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Thread: Lost Beers

  1. #11
    Get some gravy on it. Maldenman's Avatar
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    Hi Alan, I can't say I took to Pollards at all, at the time it was certainly a novelty, being a new brewery in a time when such things were rarely heard of, but it tasted earthy and twiggy. I'm sure you could get it at the Coach and Horses opposite Piccadilly Stn Approach and there was also a pub in Salford I recall.
    Agree about Hartley's before Robbies got hold of it, many a hazy lost weekend in the South Lakes on their stuff.
    Ok, maybe just for one......................

  2. #12
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    As a teenager I always liked Double Diamond but have recently read that they also brewed a version in Alloa called Diamond Heavy so might have been a different beer.

  3. #13
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    This is a lost beer.I was given two bottles of Gales -Last Drop.I drank one and kept one but I somehow must have drank the second one as I have checked the shed numerous times thinking it must be still there. Must have been very drunk as I have no recollection of drinking the second one.

  4. #14
    This Space For Hire Aqualung's Avatar
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    Quote Originally Posted by AlanH View Post
    My lost beers. Some vanished, some ruined, some rare and remembered with nostalgia.

    Most Manchester brewers had two milds (Boddingtons, Robinsons, Lees, Hydes)
    We travelled for miles to get Robinsons Dark Mild in the last two pubs serving it. We were never disappointed with it.
    We used to drink Lees Dark Mild in a pub near work. When they merged their Dark and Light milds into one, it was never as good.
    Hydes had Three! milds. A light and mid dark in Manchester and a Black Mild for the Welsh areas. When a Camra member first reopened the Marble Arch, he insisted on the Hydes Black Mild . Maybe nostalgia but we were convinced these black rare milds were superia.
    Thwaites Best Mild was superb, but you can't take the Black out of Blackburn (Burns too many holes!)
    Wilsons Bitter - The 1974 GBG said "Can be excellent" It was! The same beer in the 80's could have said "Avoid at all costs" Wilsons later admitted they ruined it to save costs.
    Boddingtons Bitter - The beer that changed my life (for the better). It was a very pale dull straw colour, almost hazy. When it turned golden and shiny it was gone. Boddingtons ruined it themselves to save money long before Whitbread got their hands on it. That was just the final death sentence.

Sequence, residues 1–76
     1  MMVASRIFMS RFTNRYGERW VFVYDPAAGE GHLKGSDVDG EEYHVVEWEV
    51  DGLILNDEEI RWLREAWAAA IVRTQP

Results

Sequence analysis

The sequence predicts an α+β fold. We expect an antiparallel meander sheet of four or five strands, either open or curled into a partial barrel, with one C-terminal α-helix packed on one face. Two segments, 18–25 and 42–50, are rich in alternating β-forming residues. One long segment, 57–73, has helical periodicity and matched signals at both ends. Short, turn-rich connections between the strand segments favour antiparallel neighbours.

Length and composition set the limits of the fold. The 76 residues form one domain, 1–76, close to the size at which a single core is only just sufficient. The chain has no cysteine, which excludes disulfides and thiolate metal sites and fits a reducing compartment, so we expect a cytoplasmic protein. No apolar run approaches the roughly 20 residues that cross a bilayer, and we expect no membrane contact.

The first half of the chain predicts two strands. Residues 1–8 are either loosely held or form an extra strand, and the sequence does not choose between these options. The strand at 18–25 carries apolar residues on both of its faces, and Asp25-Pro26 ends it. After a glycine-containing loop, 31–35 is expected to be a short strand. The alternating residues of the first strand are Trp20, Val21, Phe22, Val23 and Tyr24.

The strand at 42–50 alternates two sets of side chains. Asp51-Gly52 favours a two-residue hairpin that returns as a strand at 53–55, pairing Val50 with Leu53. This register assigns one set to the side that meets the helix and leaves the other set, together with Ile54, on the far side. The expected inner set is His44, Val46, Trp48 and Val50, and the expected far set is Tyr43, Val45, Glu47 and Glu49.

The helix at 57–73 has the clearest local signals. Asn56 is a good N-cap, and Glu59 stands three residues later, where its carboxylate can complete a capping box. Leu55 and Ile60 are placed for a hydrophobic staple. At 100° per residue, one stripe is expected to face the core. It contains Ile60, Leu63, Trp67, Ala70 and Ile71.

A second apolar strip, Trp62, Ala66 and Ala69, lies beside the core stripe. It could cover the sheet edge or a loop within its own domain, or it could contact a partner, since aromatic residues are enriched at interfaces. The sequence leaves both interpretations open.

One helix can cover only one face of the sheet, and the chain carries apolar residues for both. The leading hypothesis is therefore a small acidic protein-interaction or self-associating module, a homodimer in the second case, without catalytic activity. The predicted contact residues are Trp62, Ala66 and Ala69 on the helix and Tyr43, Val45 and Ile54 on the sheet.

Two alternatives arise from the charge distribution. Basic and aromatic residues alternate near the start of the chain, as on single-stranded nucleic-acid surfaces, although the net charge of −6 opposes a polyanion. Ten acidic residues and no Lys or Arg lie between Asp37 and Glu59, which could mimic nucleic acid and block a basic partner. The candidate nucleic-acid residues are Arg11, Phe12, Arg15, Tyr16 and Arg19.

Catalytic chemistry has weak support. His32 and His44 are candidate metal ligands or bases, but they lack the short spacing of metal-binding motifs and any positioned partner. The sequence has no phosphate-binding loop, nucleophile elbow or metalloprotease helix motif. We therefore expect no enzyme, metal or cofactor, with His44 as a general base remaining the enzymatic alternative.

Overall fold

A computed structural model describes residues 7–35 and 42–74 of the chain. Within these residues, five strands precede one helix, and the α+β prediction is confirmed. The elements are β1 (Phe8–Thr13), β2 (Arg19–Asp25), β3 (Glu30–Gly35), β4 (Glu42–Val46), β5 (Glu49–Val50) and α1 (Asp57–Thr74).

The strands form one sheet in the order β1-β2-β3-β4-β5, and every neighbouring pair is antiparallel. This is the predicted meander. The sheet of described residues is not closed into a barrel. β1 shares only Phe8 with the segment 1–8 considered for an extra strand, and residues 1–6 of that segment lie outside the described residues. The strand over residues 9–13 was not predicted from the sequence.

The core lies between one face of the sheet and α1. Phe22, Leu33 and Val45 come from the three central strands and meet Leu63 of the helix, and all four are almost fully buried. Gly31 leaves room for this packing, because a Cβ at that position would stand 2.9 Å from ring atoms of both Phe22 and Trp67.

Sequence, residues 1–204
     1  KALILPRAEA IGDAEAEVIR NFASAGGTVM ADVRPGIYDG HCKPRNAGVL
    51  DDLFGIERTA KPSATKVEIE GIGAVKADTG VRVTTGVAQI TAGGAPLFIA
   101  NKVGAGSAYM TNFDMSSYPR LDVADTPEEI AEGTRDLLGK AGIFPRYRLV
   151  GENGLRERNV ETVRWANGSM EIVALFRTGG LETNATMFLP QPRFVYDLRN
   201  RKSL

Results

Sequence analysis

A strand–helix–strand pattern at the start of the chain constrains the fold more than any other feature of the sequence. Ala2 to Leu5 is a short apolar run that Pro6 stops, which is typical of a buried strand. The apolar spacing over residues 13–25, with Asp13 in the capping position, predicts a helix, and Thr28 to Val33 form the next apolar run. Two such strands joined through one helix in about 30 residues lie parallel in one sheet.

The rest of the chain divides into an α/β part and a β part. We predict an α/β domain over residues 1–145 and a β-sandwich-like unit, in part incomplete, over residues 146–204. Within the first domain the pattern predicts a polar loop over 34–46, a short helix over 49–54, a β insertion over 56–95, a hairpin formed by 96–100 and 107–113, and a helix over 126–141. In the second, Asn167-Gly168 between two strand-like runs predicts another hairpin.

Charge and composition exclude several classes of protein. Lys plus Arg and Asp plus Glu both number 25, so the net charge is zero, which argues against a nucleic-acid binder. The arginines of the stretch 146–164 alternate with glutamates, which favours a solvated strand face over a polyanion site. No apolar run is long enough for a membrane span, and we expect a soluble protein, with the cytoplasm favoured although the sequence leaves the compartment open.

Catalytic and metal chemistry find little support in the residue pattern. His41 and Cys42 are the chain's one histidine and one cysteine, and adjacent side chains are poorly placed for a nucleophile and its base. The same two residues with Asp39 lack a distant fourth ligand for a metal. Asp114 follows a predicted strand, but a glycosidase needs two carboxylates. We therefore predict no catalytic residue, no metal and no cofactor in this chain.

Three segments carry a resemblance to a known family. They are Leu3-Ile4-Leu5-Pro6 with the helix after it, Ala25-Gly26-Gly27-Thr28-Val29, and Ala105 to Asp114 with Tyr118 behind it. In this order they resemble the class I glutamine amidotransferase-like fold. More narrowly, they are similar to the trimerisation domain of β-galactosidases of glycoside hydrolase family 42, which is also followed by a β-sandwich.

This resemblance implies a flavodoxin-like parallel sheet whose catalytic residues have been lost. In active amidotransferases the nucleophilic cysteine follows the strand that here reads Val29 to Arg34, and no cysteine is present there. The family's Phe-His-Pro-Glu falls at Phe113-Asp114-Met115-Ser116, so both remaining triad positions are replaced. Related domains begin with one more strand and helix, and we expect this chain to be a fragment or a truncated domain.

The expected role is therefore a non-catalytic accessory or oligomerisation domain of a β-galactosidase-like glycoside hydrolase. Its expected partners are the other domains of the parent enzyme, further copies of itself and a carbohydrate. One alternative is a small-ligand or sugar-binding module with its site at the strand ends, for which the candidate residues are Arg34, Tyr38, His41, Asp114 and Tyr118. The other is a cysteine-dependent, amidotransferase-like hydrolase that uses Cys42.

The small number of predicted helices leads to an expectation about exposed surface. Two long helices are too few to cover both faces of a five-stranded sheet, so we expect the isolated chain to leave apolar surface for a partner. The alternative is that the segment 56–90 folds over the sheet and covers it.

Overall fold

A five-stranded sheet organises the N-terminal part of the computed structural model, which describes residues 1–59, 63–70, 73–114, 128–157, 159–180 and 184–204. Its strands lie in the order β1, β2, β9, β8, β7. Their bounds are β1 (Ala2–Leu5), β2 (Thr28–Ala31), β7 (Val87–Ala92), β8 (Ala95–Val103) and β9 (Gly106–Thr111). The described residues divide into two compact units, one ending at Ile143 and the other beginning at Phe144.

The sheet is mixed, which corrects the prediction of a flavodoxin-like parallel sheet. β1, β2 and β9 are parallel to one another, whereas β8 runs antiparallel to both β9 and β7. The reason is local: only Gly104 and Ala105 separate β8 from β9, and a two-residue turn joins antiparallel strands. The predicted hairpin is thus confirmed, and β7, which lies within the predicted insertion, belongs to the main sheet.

Pollards bitter. The first of the new breweries in the 70's. We used to drive to Camra's White Gates in Hyde in our lunch (hour!). I bought gallons of it in their Stockport brewing shop.
    Hartleys Bitter. Another regular lunchtime trip to the White Gates. When they changed to Hartleys Best Bitter it was not as lunch time slutching.
    I was also very partial to Marston's Merry Monk before they gave up brewing (proper) beer.
    That's an interesting list. Robinson's Dark Mild was rare as I recall. I do remember the landlord of the Vaynol Arms in Nant Peris telling me about a cask of their light Mild that turned out to be dark It was in fact Old Tom and provided hours of fun for the locals.
    I remember getting bottles of Lees Dark from the Morrisons in Loughtom and then they knocked the ABV down to 2.8%. It tasted rubbish like a watered down brown ale and I wrote to the brewery telling them so.
    I've never really got along with Hydes but I can't really explain why!! Thwaites were highly rated back in the day and actually opened a pub in North London. For me Wilson's (and Webster's) were tainted by the Watney ownership.
    The downfall of Boddington is the first great tragedy in my drinking memory.
    I remember that Manchester CAMRA pub but only remember an area called Belle Vue
    Owd Roger was always a bigger prize than Merry Monk. I don't really remember much about it!

  5. #15
    Old & Bitter oldboots's Avatar
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    Quote Originally Posted by Aqualung View Post
    Owd Roger was always a bigger prize than Merry Monk. I don't really remember much about it!
    Merrie Monk was alleged to be Pedigree with added caramel in much the same way as Landlord / Ram Tam. Owd Roger was often sold in Marstons tied houses from a pin on the bar, fortunately I lived close to their Winchester based tied estate. The White Swan in Hyde Street, now The Mucky Duck, being the ex Winchester Brewery's Brewery Tap and Marston's depot was usually a good place to find it, as was the rough old Winsor beside Southampton Bus Station.